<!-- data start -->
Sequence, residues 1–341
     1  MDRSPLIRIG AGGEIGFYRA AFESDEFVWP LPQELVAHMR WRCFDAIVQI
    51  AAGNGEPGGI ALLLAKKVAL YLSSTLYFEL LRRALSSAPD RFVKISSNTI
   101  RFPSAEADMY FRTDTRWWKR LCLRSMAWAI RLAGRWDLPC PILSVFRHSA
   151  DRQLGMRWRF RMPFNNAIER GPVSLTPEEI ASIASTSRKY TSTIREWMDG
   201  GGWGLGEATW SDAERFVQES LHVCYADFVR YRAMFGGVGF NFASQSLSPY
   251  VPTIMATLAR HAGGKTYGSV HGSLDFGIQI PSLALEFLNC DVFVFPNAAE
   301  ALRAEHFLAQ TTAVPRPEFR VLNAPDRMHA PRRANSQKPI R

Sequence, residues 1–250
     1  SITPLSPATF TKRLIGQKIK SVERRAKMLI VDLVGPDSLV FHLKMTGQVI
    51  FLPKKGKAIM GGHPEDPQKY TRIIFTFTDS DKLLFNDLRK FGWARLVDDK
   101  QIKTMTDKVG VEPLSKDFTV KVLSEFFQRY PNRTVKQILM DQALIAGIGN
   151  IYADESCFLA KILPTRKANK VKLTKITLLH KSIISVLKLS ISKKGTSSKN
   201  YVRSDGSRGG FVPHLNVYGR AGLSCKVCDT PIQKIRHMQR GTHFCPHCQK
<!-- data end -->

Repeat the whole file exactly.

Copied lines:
Sequence, residues 1–341
     1  MDRSPLIRIG AGGEIGFYRA AFESDEFVWP LPQELVAHMR WRCFDAIVQI
    51  AAGNGEPGGI ALLLAKKVAL YLSSTLYFEL LRRALSSAPD RFVKISSNTI
   101  RFPSAEADMY FRTDTRWWKR LCLRSMAWAI RLAGRWDLPC PILSVFRHSA
   151  DRQLGMRWRF RMPFNNAIER GPVSLTPEEI ASIASTSRKY TSTIREWMDG
   201  GGWGLGEATW SDAERFVQES LHVCYADFVR YRAMFGGVGF NFASQSLSPY
   251  VPTIMATLAR HAGGKTYGSV HGSLDFGIQI PSLALEFLNC DVFVFPNAAE
   301  ALRAEHFLAQ TTAVPRPEFR VLNAPDRMHA PRRANSQKPI R

Sequence, residues 1–250
     1  SITPLSPATF TKRLIGQKIK SVERRAKMLI VDLVGPDSLV FHLKMTGQVI
    51  FLPKKGKAIM GGHPEDPQKY TRIIFTFTDS DKLLFNDLRK FGWARLVDDK
   101  QIKTMTDKVG VEPLSKDFTV KVLSEFFQRY PNRTVKQILM DQALIAGIGN
   151  IYADESCFLA KILPTRKANK VKLTKITLLH KSIISVLKLS ISKKGTSSKN
   201  YVRSDGSRGG FVPHLNVYGR AGLSCKVCDT PIQKIRHMQR GTHFCPHCQK